Ebola patient Thomas Eric Duncan has died in a Dallas hospital. The Liberian had been at Texas Health Presbyterian Hospital in isolation since September 28.
As Yahoo! News reports, Duncan is now the first person to die of the disease in the United States. More than 3,400 have died in West Africa this year, but three Americans who contracted the disease and returned to the U.S. for treatment have survived. An unnamed doctor and a cameraman named Ashoka Mukpo are still being treated.
Duncan traveled from Liberia to Dallas on September 20 to visit family. He did not have any Ebola symptoms when he boarded the flight to the U.S. Five days after arriving in Texas, a friend took him to the emergency room. He was reportedly given antibiotics and sent home. At this point, no solid explanation has been given for how the Ebola diagnosis was missed, especially given the information that he has just been in West Africa.
Two days later, Duncan was worse, and an ambulance transported him back to the hospital. Dozens of people, including neighbors, family members and paramedics, are now being closely monitored for signs of the disease. Duncan’s Ebola wasn’t confirmed until two days after his return to the hospital and his isolation.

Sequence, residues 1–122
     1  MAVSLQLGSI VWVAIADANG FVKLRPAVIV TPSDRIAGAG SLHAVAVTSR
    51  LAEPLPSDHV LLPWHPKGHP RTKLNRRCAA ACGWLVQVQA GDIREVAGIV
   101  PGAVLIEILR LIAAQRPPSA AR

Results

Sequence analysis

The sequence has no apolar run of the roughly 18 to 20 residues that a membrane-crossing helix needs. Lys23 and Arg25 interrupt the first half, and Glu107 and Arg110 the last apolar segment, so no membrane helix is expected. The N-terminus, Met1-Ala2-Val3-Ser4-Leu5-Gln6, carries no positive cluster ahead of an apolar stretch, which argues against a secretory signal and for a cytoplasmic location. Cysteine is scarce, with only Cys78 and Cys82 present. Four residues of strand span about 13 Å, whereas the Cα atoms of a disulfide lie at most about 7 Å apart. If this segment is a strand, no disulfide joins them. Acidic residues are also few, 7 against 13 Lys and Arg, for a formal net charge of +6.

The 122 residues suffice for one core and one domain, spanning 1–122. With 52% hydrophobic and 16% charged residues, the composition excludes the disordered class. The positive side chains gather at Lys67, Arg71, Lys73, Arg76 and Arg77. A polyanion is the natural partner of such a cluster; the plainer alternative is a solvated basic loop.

ABC News notes that the hospital confirmed Thomas Eric Duncan’s death Wednesday morning. They noted that he fought the battle courageously, and that the staff who worked with him are grieving his passing.
Many are looking at circumstances both in Liberia and the U.S. regarding how this case was handled. On the Liberian side, reports indicate that Duncan had helped a pregnant woman who was vomiting and convulsing get to the hospital. It is unclear whether he knew she had Ebola, but officials feel that he lied on health forms he completed at the airport.
Federal guidelines indicate that someone with Duncan’s background, having just been in West Africa, with his symptoms, should have immediately been put into isolation and tested for Ebola. Neither of those things happened, and the Centers for Disease Control has sent an alert to all hospitals updating how similar situations should be handled.
At this point, none of the people the Dallas patient had contact with have developed symptoms of the virus. While Duncan had been in serious condition for a bit, four days ago he was downgraded to critical. Just before Thomas Eric Duncan’s death he had started receiving the experimental antiviral drug brincidofovir, but clearly it was too late to help.
[Image via Eurweb]